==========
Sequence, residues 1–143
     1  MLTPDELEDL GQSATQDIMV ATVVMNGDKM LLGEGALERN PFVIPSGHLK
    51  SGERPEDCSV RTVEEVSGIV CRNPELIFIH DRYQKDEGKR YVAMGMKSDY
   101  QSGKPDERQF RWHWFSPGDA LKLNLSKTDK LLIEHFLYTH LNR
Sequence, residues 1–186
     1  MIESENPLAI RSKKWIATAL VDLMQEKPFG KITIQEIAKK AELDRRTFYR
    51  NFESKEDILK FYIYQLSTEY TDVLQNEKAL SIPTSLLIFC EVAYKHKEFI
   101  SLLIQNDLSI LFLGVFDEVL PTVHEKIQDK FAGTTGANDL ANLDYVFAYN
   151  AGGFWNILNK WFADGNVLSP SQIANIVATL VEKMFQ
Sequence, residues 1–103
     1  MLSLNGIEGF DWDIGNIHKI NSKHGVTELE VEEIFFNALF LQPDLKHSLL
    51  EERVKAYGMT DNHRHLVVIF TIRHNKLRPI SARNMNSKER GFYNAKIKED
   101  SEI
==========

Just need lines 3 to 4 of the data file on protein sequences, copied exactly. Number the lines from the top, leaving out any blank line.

    51  SGERPEDCSV RTVEEVSGIV CRNPELIFIH DRYQKDEGKR YVAMGMKSDY
   101  QSGKPDERQF RWHWFSPGDA LKLNLSKTDK LLIEHFLYTH LNR